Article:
November 11, 2006

Unblogged snowclones

On returning to the world of snowclones with my discussion of The New Y, I was dismayed to see how many figures or formulas had piled up in my files of unblogged snowclones; the first came in in 2000!  Here's the inventory, with my sources, and very minimal commentary. 

Note: some of these are without question snowclones, but others might be patterns of playful allusions, idioms, playful morphology, or clichés; several of them deserve a discussion of some length, which I'm not now able to provide.  Nor do I have the time now to trace the histories beyond what I say below.  This is the best I can do at the moment.

1.  "Now if you will excuse me I have a X to Y", e.g. "... I have a plane to catch" (Aaron Dinkin, mail of 9/24/05)

2.  "I'm from X and I'm here to help (you)", e.g. Ronald Reagan's mockery of "I'm from the government and I'm here to help (you)" (Ben Zimmer on ADS-L, 7/13/05, citing a query of the March before from Geoff Nunberg)

3.  "not the Xest Y in the Z", e.g. "not the sharpest tack in the box" (me to Language Loggers, 8/30/06, with a response from Ben Zimmer pointing to on-line lists of "what to call dumb people", for instance this one)

4.  "Don't X me because I'm Y", e.g. "Don't hate me because I'm beautiful", from an 80's shampoo commercial that is possibly the source for the snowcloning (mail from Tim Shock, 10/13/05)

5.  "X-y McXerson", e.g. "Drinky McDrinkerson" for someone who likes to drink a lot (mail from Don Porges, 10/13/05; playful morphology)

6.  "Hardly/Not a X goes by without Y", e.g. "Hardly a week goes by without a Nunberg citing in the New York Times" (mail from Benita Bendon Campbell, 10/13/05; possibly an idiom?)

7.   "We don't need no stinking/stinkin'/steenkin' Xs", e.g. "We don't need no steenkin' snowclones" (mail from Chad Sanders, 10/17/06; discussion on the Subjunctivitis blog, and a whole web site devoted to the figure and its history)

8.   "If that's X, every Y should be so lucky", e.g. "If that's being discriminated against, we all should be so lucky" (mail from Marilyn Martin, 10/23/05)

9.   "Yes, Virginia, [mildly improbable statement is true]", e.g., "Yes, Virginia, the moon isn't made of green cheese" (mail from Vishy Venugopalan, 10/26/05; the source of this one -- an 1897 editorial in the New York Sun -- is well known)

10.  "X does not a Y make" and assorted variants, e.g. "One chapter does not a dissertation make" (mail from Brendan McGuigan, 11/2/05; this one turns out to go all the way back to Aristotle, on swallows and summers)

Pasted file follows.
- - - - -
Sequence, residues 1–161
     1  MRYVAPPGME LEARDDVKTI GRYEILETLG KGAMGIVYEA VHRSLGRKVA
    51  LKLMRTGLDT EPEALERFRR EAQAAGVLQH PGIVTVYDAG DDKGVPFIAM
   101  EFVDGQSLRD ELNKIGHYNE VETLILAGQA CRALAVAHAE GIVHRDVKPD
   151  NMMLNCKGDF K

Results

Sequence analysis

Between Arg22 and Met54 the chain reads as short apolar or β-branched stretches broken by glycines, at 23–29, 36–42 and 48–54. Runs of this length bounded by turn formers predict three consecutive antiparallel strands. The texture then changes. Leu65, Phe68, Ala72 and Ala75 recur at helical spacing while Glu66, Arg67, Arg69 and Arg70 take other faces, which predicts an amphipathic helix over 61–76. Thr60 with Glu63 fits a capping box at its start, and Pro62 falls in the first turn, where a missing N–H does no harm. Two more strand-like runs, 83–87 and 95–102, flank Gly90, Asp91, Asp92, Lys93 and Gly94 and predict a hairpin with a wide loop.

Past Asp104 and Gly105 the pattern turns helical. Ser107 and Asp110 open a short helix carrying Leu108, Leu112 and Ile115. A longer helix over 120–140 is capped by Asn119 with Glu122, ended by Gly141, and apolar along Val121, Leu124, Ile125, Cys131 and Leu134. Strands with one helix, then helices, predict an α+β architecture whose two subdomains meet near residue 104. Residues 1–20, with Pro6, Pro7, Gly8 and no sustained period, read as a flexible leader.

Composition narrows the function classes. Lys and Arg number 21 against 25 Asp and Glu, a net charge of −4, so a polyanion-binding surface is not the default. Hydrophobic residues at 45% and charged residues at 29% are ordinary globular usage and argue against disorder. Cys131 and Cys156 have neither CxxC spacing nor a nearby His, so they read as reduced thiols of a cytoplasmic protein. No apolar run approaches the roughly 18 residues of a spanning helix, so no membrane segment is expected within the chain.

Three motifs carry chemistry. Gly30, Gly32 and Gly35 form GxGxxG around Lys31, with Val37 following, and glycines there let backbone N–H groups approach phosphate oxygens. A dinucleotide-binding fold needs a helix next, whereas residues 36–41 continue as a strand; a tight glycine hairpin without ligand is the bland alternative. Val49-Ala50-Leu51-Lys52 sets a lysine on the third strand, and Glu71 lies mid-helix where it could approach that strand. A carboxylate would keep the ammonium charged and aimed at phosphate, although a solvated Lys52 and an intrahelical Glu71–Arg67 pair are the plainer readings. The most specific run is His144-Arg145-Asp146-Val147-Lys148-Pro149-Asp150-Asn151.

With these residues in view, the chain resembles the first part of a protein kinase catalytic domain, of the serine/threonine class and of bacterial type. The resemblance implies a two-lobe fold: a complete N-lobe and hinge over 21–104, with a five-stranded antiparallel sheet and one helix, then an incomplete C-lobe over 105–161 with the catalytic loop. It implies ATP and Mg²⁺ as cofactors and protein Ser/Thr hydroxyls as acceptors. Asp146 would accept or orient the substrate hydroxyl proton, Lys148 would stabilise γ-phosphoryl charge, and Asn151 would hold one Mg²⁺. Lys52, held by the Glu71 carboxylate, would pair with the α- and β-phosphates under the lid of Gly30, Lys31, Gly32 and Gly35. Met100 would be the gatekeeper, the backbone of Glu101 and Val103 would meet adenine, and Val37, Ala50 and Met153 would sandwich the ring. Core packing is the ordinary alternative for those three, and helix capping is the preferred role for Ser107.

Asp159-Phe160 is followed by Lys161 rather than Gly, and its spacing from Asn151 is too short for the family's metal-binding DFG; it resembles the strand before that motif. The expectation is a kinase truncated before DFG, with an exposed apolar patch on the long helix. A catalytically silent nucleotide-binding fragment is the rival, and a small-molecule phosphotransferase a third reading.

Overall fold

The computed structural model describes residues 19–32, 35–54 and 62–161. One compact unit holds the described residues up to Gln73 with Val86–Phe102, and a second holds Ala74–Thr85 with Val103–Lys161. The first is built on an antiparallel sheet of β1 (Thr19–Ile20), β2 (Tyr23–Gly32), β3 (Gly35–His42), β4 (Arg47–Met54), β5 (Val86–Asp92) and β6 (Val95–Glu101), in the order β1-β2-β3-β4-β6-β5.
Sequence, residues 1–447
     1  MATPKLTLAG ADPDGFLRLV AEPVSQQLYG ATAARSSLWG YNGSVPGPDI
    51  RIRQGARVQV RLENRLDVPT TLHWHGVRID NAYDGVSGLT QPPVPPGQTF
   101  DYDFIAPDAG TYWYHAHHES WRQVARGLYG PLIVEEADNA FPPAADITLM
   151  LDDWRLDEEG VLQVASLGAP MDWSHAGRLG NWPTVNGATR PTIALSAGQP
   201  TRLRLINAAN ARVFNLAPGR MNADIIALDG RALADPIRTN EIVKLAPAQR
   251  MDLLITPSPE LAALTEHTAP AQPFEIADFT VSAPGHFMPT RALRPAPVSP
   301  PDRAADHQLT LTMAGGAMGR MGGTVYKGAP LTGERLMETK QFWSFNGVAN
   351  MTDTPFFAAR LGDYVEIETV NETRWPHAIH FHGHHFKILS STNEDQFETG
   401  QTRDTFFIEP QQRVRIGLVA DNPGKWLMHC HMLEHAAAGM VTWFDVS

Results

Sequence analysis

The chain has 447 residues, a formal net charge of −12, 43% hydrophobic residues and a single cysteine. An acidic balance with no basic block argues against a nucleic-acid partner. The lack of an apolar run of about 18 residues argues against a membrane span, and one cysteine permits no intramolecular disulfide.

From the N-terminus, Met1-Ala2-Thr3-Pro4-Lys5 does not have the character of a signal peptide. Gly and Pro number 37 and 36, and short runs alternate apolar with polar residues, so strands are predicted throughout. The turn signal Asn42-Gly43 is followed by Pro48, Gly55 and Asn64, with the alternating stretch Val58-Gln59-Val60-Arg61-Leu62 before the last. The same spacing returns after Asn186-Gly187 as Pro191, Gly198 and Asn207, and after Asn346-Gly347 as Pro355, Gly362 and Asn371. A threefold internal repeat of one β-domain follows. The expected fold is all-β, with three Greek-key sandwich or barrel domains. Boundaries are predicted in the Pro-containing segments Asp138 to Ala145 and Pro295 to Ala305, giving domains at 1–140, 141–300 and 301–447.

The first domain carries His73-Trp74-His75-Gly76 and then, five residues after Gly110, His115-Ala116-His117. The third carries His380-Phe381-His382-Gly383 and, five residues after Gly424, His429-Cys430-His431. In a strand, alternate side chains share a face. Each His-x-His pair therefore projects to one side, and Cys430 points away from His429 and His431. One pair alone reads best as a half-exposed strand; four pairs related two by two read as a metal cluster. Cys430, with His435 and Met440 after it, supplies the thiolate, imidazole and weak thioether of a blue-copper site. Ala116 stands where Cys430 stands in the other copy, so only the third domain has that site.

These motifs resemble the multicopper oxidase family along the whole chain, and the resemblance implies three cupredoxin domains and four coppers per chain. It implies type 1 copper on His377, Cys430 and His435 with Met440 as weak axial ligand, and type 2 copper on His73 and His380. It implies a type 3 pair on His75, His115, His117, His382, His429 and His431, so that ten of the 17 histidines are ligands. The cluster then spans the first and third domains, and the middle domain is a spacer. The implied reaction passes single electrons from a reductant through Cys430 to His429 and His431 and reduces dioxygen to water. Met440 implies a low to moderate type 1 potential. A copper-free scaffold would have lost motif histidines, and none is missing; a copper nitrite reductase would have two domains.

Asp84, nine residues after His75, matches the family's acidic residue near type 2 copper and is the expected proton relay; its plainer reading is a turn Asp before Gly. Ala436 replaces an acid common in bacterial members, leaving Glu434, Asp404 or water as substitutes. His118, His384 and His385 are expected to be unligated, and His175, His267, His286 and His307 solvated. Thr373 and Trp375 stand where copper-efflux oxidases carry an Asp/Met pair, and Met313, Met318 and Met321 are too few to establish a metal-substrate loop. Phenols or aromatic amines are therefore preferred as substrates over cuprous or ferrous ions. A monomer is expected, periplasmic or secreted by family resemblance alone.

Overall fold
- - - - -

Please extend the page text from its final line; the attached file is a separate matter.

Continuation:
11.  "X-lorn", e.g. "luck-lorn" (ADS-L posting by Ben Zimmer, 12/15/05; playful morphological extensions from "lovelorn")

12.  "X gone wild", e.g. "Greco-Roman boys gone wild" as a description of Fellini's Satyricon (William Salmon on ADS-L, 5/1/06, with follow-ups by me and Larry Horn; based on the Girls Gone Wild videos)

13.  "Take X and shove/stick it", e.g. "Take this job and shove it" (Doug Wilson discussion on ADS-L, 10/22/06, with examples going back over fifty years)

14.  "There's a lot we don't know about X", e.g. "There's a lot we don't know about the unconscious" (Lee Rudolph on soc.motss, 1/22/04, citing my use of the figure and suggesting that the original had "mirrors")

15.  "As a X, N is a great Y", e.g. "As a baseball player, he's a great linebacker" (Mark Mandel on ADS-L, 8/22/00)

16.  "busier than a X [someplace]", e.g. "busier than a one-armed man in an ass-kicking contest" (Barry Popik on ADS-L, 5/1/04, citing some "busier than a cranberry merchant" examples going back to the 19th century)

17.  "That's not an X; this is an X", e.g., "That's not a screw-up; this is a screw-up" (Jason Parker-Burlingham in conversation, 12/15/05)

18.  "N is the M of X", e.g. "Eric Raymond is the Margaret Mead of the Open Source movement" (e-mail from John Cowan, 9/13/05, and previously blogged here)

19.  "There's no rest for the X" and variants, e.g. "There's no rest for the Clinton-obsessed" (me on ADS-L, 5/21/06; this goes back to Isaiah and "no rest for the wicked", with later variants with "peace" for "rest" and/or "weary" for "wicked")

20.  "Whatever Vs your X", e.g. "Whatever bangs your shutters" (many participants on ADS-L, 10/10-11/04)

21.  "X me no Ys", as in "Petition me no petitions" from Fielding (Mark Mandel on ADS-L, 8/22/01; David Crystal in his 2006 Words Words Words, pp. 70-1, takes it back to Shakespeare)

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Posted by Arnold Zwicky at November 11, 2006 02:28 PM